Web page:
Pandemics and asymmetric shocks: Evidence from the history of plague in Europe and the Mediterranean
478/2020 Guido Alfani
The history of plague suggests that severe pandemics can have extremely important and potentially permanent asymmetric economic consequences. However, these consequences depend upon the initial conditions and could not be foretold a priori. To support this view, this short article illustrates the ability of major plagues to cause asymmetric shocks. The Black Death might have been at the origin of the Great Divergence between western Europe and East Asia, but also within Europe it had quite heterogeneous consequences. The last great European plagues of the seventeenth century favoured the rise of North Europe to the detriment of the South. Additionally, within Italy, they had a differential impact allowing for the rise of the Sabaudian State and contributing to the decline of the Republic of Venice. The article argues that the implication for today societies facing Covid-19, is that given that the final demographic and economic consequences of this pandemic are impossible to predict, collective answers to the crisis, possibly coordinated by the EU, are highly advisable.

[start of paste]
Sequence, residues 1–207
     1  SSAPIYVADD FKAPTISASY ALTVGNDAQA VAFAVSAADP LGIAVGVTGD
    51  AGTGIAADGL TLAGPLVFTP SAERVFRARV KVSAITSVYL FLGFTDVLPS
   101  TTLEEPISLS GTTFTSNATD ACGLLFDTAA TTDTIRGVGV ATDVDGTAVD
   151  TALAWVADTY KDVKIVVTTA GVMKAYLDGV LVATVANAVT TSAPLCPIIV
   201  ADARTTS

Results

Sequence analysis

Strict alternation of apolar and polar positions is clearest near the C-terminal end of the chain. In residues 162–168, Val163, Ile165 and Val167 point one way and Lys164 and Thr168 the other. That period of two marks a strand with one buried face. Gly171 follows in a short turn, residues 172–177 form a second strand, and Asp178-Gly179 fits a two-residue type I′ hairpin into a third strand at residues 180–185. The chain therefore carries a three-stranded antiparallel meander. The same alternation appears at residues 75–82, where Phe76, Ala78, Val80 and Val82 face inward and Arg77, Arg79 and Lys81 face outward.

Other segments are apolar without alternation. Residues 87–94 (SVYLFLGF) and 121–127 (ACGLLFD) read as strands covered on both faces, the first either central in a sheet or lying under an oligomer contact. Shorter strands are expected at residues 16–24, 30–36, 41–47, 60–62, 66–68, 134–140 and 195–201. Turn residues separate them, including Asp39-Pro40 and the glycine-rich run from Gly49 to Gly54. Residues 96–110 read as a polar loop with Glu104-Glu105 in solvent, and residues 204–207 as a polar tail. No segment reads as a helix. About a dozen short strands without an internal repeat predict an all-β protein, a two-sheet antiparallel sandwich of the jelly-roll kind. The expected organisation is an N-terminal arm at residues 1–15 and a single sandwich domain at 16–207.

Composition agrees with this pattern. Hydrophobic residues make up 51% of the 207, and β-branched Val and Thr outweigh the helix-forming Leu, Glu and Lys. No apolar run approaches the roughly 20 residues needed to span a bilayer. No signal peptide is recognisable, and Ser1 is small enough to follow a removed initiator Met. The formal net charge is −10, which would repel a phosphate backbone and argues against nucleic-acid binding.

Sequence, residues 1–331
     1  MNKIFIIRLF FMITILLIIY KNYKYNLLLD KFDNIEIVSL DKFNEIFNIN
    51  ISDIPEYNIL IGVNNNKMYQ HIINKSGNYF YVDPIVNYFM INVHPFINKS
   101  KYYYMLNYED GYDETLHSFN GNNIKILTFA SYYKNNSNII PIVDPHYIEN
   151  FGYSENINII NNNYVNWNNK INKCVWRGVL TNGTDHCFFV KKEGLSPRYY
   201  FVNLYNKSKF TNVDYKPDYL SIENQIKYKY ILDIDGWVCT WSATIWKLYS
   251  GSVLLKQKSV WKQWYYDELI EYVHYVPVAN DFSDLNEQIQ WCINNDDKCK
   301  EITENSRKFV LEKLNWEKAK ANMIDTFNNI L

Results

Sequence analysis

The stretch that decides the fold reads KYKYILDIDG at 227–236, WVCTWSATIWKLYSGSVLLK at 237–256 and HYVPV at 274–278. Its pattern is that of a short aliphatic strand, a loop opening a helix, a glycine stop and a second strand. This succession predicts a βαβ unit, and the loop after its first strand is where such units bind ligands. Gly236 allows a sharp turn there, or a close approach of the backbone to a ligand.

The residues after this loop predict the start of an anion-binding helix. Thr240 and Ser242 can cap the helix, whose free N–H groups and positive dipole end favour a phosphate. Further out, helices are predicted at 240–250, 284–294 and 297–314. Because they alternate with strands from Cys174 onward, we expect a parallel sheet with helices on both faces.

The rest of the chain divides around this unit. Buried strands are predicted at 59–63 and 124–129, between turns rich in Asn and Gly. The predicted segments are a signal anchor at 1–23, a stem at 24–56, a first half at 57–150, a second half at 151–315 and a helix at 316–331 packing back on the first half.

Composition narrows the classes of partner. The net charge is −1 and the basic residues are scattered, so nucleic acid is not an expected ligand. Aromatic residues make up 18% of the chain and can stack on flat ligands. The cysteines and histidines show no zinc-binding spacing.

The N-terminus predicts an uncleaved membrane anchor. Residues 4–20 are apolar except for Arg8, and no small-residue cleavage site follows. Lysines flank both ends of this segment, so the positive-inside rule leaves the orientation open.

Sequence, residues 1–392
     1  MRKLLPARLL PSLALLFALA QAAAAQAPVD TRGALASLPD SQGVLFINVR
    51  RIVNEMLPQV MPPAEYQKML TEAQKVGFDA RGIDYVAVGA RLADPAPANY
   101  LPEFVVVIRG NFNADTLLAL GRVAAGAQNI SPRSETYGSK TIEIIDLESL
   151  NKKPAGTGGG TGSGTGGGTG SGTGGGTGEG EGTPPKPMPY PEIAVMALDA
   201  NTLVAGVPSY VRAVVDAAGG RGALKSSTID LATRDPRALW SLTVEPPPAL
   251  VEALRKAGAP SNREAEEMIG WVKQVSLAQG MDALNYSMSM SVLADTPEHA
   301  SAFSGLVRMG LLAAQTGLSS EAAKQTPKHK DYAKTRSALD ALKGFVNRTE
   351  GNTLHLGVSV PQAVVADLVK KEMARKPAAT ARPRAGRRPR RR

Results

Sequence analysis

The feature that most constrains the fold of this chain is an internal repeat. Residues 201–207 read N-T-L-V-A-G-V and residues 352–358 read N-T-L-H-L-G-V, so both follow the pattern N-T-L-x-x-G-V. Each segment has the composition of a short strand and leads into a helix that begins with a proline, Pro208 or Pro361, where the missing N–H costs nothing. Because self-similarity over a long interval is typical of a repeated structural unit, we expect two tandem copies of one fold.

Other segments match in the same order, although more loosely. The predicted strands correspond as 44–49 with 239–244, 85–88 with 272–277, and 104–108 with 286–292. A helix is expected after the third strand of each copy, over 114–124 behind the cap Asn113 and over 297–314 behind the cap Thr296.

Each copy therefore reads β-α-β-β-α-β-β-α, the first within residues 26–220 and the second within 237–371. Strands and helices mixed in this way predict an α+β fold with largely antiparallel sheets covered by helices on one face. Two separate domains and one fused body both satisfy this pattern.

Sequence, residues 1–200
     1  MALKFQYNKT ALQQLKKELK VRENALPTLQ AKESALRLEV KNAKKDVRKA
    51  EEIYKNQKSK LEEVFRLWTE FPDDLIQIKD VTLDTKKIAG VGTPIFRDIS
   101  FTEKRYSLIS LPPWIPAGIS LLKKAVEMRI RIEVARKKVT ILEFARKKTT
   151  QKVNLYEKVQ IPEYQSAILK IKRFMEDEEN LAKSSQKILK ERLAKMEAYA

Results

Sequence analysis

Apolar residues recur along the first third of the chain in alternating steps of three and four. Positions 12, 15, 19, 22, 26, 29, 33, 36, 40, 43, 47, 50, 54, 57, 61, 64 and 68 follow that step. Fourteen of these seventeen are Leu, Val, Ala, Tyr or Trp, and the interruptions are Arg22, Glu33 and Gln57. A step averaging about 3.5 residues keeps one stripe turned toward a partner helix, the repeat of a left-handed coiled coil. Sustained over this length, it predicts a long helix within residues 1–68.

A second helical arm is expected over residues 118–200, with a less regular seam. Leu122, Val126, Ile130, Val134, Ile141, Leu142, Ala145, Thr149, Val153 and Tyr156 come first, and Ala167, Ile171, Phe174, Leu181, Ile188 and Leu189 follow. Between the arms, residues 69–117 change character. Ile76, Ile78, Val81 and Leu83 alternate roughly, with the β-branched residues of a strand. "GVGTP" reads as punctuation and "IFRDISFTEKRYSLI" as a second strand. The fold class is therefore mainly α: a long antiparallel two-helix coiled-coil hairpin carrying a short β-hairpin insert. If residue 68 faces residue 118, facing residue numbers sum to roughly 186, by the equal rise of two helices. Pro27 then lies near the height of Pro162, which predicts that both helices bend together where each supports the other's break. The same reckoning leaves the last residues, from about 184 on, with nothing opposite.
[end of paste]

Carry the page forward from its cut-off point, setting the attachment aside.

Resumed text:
Journal for the History of Environment and Society